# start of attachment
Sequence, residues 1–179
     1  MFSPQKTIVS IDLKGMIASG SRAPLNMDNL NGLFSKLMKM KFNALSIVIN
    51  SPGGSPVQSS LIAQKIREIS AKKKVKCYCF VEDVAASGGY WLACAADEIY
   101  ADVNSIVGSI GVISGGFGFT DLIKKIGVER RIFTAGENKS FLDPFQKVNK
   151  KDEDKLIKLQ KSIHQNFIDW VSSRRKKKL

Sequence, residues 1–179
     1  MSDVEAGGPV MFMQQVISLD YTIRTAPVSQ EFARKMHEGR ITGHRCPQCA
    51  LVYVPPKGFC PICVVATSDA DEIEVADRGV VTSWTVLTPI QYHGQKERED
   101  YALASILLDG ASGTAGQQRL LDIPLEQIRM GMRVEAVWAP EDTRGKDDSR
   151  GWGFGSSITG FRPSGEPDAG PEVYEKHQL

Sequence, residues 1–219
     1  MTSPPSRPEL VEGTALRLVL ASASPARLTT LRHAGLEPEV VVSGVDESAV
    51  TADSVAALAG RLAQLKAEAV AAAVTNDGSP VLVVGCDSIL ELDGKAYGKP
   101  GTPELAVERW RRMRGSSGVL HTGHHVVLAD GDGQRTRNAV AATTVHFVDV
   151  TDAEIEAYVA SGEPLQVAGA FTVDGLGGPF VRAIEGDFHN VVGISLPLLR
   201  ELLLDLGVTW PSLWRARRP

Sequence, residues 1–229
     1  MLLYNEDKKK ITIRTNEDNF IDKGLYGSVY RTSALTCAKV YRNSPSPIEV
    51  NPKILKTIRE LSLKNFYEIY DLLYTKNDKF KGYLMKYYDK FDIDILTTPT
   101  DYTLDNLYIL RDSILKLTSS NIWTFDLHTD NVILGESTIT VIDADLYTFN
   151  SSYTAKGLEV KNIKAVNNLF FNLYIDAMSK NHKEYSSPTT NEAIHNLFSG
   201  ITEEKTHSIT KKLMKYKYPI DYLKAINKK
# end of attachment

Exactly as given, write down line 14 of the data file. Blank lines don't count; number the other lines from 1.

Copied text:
   101  GTPELAVERW RRMRGSSGVL HTGHHVVLAD GDGQRTRNAV AATTVHFVDV